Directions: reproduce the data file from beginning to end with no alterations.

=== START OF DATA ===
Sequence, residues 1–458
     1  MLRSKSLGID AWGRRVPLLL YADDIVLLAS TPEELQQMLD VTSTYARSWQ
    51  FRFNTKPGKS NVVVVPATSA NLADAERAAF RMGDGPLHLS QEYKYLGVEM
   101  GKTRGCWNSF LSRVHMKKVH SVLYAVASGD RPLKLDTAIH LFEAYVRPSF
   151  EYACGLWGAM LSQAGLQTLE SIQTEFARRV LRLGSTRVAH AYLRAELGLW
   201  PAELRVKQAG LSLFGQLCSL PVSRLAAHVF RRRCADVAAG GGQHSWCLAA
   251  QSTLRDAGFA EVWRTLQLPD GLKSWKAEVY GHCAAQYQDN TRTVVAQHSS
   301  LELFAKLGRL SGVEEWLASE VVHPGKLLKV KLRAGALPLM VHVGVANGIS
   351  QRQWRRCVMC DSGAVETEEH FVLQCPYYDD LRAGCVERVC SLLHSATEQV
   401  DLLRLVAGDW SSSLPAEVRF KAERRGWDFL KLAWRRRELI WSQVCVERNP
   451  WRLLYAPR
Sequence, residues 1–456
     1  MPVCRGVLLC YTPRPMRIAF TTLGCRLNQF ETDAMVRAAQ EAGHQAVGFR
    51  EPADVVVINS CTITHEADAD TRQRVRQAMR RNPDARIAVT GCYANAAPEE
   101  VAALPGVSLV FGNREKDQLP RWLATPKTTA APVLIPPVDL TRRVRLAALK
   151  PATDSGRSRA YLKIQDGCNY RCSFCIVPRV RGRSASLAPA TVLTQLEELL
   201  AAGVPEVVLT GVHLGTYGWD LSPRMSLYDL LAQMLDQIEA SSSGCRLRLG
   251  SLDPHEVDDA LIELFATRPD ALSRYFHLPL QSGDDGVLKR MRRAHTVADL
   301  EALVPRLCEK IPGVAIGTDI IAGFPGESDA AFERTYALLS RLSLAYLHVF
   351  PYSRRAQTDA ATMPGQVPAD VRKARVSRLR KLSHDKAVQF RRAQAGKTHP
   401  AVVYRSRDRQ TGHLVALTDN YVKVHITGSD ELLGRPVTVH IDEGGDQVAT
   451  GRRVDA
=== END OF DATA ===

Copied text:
Sequence, residues 1–458
     1  MLRSKSLGID AWGRRVPLLL YADDIVLLAS TPEELQQMLD VTSTYARSWQ
    51  FRFNTKPGKS NVVVVPATSA NLADAERAAF RMGDGPLHLS QEYKYLGVEM
   101  GKTRGCWNSF LSRVHMKKVH SVLYAVASGD RPLKLDTAIH LFEAYVRPSF
   151  EYACGLWGAM LSQAGLQTLE SIQTEFARRV LRLGSTRVAH AYLRAELGLW
   201  PAELRVKQAG LSLFGQLCSL PVSRLAAHVF RRRCADVAAG GGQHSWCLAA
   251  QSTLRDAGFA EVWRTLQLPD GLKSWKAEVY GHCAAQYQDN TRTVVAQHSS
   301  LELFAKLGRL SGVEEWLASE VVHPGKLLKV KLRAGALPLM VHVGVANGIS
   351  QRQWRRCVMC DSGAVETEEH FVLQCPYYDD LRAGCVERVC SLLHSATEQV
   401  DLLRLVAGDW SSSLPAEVRF KAERRGWDFL KLAWRRRELI WSQVCVERNP
   451  WRLLYAPR
Sequence, residues 1–456
     1  MPVCRGVLLC YTPRPMRIAF TTLGCRLNQF ETDAMVRAAQ EAGHQAVGFR
    51  EPADVVVINS CTITHEADAD TRQRVRQAMR RNPDARIAVT GCYANAAPEE
   101  VAALPGVSLV FGNREKDQLP RWLATPKTTA APVLIPPVDL TRRVRLAALK
   151  PATDSGRSRA YLKIQDGCNY RCSFCIVPRV RGRSASLAPA TVLTQLEELL
   201  AAGVPEVVLT GVHLGTYGWD LSPRMSLYDL LAQMLDQIEA SSSGCRLRLG
   251  SLDPHEVDDA LIELFATRPD ALSRYFHLPL QSGDDGVLKR MRRAHTVADL
   301  EALVPRLCEK IPGVAIGTDI IAGFPGESDA AFERTYALLS RLSLAYLHVF
   351  PYSRRAQTDA ATMPGQVPAD VRKARVSRLR KLSHDKAVQF RRAQAGKTHP
   401  AVVYRSRDRQ TGHLVALTDN YVKVHITGSD ELLGRPVTVH IDEGGDQVAT
   451  GRRVDA